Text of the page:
5 Common Grammatical Errors That Sink your Dating Profile

Nothing destroys your chances at getting that girl faster than poor grammar on your dating profile. In a study published by Zoosk, 48% of singles polled find bad grammar a deal breaker! Making simple grammar mistakes might make you look less intelligent, or worse: a scammer, and you wouldn’t want that! But the biggest turn off for me when I meet a new match is when it seems like we won’t be able to hold a simple conversation.

I know. I know. Grammar is boring. “I comes before E except after C” reads like some ancient bible translation. But trust me, conjugations are not contagious. And apostrophes are really not that mysterious. So if you’ve slept through English class, you may find your options of sleeping with anyone now a little limiting. Thankfully, you’ve got me!

Let’s discuss a few of my biggest pet peeves when reading your dating profile:

1. Apostrophes

Here’s my trick for 95% of all apostrophe use: Every time you remove letters of one word to stick together with another word, you use an apostrophe: “it is,” “you are,” “they are” and “you will” are all prime examples. So, you’ll need an apostrophe to represent the missing letters.

2. Your / You’re

You might already see where I’m going with this one after my last point. “Your” implies ownership: your coat, your spaghetti, your insatiable urge to date assholes. You can use it when listing your favorite personal qualities that you’re looking to find in an ideal match.

You’re” is another one of those apostrophe words, so we know a letter has been removed, so “you’re” is really “you are.” This means you’re in a state of being. You’re moody; you’re not saying much on this date; you’re really funny!

3. There / Their / They’re

This old language landmine might feel a little harder to remember than the other points on this list but it’s super easy.

They’re” uses that tricky apostrophe, so we already know that this is really “they are,” which relates to a state of being for a third party. They’re late! They’re thirsty tonight! They’re really going to like this article!

Their” shows possession like just my, his, her, our, and your but it’s focused on a non‐specific or grouped third party. “Who owns that cream‐colored stretch Hummer outside?” “Oh, it’s theirs.” Or “They better clean up their mess before I bring another date here.”

There” is a location that isn’t here or used to confirm something’s existence, both physical and abstract. It’s easy to see why confusion sprouts up with this one. “I’ll meet you there at 9.” “What’s with that tone there, buddy?” “There’s a price to pay for being late on a date with me.”

4. Its / It’s

Again, we can use our apostrophe knowledge and an understanding of non‐specific or grouped ownership. “It’s” is really just “it is” so when you answer a question like “how do you like this bar?” you can reply “it’s great!”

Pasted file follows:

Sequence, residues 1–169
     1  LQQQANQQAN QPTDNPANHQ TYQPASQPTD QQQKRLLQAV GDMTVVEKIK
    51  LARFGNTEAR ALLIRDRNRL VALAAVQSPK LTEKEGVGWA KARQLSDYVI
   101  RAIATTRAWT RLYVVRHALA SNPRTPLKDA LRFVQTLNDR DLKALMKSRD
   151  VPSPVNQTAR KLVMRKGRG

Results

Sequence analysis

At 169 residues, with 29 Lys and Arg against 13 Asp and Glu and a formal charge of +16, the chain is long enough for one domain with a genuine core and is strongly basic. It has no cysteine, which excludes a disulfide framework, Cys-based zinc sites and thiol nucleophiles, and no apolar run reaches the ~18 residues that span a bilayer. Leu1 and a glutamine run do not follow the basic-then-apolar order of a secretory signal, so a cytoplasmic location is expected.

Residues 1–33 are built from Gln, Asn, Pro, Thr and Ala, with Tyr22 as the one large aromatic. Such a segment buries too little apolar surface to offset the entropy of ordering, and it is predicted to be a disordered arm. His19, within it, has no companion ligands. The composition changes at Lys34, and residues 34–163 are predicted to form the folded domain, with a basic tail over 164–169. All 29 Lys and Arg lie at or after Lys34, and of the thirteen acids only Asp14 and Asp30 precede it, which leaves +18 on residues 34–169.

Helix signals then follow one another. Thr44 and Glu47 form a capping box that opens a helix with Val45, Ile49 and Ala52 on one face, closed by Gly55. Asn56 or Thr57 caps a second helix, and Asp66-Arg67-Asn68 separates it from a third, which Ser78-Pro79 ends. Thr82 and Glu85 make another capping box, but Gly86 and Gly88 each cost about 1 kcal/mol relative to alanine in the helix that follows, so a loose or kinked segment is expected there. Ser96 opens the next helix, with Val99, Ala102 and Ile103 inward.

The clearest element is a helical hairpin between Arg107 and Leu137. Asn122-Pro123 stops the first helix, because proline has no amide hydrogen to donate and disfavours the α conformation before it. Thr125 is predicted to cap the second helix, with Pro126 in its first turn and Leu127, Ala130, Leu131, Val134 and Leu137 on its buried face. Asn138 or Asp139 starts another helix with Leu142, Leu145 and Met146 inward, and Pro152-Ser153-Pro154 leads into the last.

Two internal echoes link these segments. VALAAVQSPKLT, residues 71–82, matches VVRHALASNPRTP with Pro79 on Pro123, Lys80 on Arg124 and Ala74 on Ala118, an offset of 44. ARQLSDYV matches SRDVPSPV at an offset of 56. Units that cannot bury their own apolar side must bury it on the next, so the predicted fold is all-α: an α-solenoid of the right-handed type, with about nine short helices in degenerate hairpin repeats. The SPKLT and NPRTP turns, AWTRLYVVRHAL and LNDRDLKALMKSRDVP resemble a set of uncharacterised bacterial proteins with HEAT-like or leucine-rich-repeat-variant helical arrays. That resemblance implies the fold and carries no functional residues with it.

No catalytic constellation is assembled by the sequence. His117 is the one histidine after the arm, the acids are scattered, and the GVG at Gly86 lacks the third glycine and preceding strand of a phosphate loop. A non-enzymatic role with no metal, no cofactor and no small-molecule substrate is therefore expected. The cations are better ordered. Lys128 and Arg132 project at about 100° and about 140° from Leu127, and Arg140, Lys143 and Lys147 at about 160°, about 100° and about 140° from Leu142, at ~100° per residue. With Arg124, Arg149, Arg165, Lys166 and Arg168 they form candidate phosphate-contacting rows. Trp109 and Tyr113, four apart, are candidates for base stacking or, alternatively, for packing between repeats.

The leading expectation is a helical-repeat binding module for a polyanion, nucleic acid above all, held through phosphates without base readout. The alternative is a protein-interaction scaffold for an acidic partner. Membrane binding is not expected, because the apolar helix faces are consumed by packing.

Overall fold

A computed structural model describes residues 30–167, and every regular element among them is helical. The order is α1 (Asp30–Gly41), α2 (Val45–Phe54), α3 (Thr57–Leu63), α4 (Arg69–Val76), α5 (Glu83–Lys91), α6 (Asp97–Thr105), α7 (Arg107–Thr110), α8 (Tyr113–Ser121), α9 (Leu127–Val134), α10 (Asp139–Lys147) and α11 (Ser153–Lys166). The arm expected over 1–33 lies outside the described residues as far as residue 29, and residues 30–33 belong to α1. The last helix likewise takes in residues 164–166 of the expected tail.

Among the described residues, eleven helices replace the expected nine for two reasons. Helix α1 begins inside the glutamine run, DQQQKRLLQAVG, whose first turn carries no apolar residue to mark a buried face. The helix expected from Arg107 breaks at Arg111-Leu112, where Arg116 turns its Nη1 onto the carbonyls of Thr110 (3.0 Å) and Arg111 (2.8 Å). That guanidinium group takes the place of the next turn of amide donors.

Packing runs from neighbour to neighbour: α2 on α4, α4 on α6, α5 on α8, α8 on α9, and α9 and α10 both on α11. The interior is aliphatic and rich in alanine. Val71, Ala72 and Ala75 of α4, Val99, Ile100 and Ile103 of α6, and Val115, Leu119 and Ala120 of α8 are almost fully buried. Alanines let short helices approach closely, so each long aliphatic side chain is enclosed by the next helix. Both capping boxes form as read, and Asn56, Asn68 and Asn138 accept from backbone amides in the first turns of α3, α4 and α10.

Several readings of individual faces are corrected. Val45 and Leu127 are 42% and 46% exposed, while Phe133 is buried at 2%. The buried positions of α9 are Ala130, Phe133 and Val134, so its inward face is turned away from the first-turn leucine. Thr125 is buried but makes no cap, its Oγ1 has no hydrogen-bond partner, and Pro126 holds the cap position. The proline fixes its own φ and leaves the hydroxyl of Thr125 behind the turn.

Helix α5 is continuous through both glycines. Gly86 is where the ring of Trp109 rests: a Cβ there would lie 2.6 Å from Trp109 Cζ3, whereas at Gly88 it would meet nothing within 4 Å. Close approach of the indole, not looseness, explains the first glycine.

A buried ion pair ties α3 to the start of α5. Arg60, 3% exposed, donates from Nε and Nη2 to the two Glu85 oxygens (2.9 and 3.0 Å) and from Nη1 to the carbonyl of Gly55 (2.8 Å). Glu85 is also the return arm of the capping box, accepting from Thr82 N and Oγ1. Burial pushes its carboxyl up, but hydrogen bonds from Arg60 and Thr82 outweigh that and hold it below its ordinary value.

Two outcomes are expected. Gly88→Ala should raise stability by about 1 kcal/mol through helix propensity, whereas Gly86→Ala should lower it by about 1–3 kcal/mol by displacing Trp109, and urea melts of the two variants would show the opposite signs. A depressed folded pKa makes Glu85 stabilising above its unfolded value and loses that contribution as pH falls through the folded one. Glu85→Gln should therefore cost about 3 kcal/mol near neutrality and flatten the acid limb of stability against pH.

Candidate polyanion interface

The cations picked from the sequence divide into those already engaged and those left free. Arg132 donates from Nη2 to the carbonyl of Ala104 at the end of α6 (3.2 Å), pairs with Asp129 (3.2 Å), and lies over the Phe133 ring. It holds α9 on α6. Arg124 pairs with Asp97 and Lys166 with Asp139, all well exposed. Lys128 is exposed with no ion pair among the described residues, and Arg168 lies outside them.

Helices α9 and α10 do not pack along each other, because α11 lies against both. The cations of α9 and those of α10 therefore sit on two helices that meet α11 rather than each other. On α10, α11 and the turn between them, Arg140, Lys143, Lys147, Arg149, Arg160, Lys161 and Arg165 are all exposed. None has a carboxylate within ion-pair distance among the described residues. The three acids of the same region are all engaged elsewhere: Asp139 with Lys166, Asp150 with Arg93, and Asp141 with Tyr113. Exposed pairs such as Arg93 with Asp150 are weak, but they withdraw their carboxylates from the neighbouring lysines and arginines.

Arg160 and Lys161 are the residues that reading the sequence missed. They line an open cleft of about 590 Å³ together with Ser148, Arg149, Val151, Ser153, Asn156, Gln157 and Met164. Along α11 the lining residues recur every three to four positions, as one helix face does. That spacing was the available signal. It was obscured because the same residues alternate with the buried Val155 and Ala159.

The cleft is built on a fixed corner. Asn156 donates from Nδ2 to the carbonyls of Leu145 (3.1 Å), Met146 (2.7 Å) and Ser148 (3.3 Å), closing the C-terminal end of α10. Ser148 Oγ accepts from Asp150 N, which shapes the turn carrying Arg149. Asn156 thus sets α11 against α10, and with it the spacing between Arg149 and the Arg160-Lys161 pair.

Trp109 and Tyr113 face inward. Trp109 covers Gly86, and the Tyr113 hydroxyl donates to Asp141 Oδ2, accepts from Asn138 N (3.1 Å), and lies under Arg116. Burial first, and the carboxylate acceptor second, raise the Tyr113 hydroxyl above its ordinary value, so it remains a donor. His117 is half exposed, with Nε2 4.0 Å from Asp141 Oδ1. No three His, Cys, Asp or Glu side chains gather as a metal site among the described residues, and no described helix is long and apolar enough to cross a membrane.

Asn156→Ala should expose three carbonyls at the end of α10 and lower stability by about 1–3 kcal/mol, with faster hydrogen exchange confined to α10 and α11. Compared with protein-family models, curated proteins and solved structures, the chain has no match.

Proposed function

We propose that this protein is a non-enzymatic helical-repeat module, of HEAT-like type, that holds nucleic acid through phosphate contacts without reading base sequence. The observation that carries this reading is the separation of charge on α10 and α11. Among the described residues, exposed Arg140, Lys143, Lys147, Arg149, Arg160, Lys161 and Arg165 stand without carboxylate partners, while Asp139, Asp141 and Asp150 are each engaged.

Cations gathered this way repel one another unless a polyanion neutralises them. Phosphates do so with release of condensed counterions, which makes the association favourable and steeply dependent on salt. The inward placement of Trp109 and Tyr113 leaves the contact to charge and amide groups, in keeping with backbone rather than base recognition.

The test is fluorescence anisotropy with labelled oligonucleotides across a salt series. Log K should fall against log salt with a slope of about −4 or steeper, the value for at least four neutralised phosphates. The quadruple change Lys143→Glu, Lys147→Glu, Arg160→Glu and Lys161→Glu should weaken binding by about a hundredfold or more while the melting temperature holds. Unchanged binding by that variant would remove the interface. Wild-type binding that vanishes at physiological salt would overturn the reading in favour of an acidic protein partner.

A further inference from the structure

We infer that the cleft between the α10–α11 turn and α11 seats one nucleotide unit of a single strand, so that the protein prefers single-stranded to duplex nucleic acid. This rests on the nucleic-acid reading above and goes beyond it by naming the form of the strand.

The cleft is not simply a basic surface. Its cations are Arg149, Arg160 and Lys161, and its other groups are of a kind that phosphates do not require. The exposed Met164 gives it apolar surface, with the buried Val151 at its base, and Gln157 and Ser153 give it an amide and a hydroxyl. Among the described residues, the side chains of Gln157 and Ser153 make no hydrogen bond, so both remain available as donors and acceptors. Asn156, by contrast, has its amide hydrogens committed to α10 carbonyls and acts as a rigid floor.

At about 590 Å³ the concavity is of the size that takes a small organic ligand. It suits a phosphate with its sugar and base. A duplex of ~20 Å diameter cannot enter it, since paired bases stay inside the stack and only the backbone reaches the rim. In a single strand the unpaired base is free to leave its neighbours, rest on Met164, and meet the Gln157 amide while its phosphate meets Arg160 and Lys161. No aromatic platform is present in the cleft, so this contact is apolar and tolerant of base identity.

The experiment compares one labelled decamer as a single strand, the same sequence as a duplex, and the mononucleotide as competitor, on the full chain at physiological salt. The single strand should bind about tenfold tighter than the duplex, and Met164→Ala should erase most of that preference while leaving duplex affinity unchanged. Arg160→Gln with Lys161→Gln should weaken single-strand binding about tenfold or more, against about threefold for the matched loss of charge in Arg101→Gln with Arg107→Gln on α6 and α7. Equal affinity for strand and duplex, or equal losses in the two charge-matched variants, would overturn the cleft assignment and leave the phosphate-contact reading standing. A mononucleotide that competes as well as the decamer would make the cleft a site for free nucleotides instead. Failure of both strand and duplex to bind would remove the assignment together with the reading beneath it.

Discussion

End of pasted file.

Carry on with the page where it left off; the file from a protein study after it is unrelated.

But if you want to apply ownership, that’s when you use “its.” So when you’re describing the best restaurant in town and hoping you can convince your match to meet for dinner, you can say “its egg rolls are out of this world!”

The possessive pronoun its also fell victim to years of incorrect autocorrecting with T9 predictive text and again with the rise of smartphones. It appears we are just now starting to get autocorrect smart enough to understand context, so hopefully we as a species will remember this form exists and has a proper use once again.

5. Ending a Sentence with a Preposition

Now that we’ve gotten the more common pitfalls out of the way, let’s look at some sentence structure errors that really get my goat when I see them on a potential match’s profile.

Ending a sentence in a preposition creates something of a mental cliff for the reader. It damages the flow of your idea and ultimately makes your bio harder to read.

Prepositions are meant to precede nouns; which is what makes ending a sentence with one feel so weird. On, with, for, by and to are all examples of prepositional phrases.

You’ll usually want to structure your sentences so you end in a noun or verb. “Let’s meet at the bar around the corner.” “Do you like to go running?” As a sentence, these read like complete thoughts, but if you say something like “I want to meet at the bar that you want to go to.” might include similar information but creates a little maze for the person reading your words.

You put so much effort into dating. You want to look good, and I want you to sound good too. With these tips you’ll be ahead of the pack by a mile. Who thought simple sentence structure could get you that much closer to getting laid?